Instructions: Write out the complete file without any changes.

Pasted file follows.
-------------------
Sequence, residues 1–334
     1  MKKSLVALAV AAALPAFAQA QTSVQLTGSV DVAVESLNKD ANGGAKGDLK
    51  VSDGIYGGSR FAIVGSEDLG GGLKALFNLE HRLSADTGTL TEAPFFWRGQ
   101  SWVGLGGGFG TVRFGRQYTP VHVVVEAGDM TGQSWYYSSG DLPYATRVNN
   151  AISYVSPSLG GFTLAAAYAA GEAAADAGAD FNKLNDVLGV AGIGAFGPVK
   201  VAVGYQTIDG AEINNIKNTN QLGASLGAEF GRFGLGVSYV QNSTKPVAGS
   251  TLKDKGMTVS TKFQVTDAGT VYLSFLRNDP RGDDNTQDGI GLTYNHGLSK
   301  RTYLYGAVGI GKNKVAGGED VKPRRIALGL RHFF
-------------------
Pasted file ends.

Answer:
Sequence, residues 1–334
     1  MKKSLVALAV AAALPAFAQA QTSVQLTGSV DVAVESLNKD ANGGAKGDLK
    51  VSDGIYGGSR FAIVGSEDLG GGLKALFNLE HRLSADTGTL TEAPFFWRGQ
   101  SWVGLGGGFG TVRFGRQYTP VHVVVEAGDM TGQSWYYSSG DLPYATRVNN
   151  AISYVSPSLG GFTLAAAYAA GEAAADAGAD FNKLNDVLGV AGIGAFGPVK
   201  VAVGYQTIDG AEINNIKNTN QLGASLGAEF GRFGLGVSYV QNSTKPVAGS
   251  TLKDKGMTVS TKFQVTDAGT VYLSFLRNDP RGDDNTQDGI GLTYNHGLSK
   301  RTYLYGAVGI GKNKVAGGED VKPRRIALGL RHFF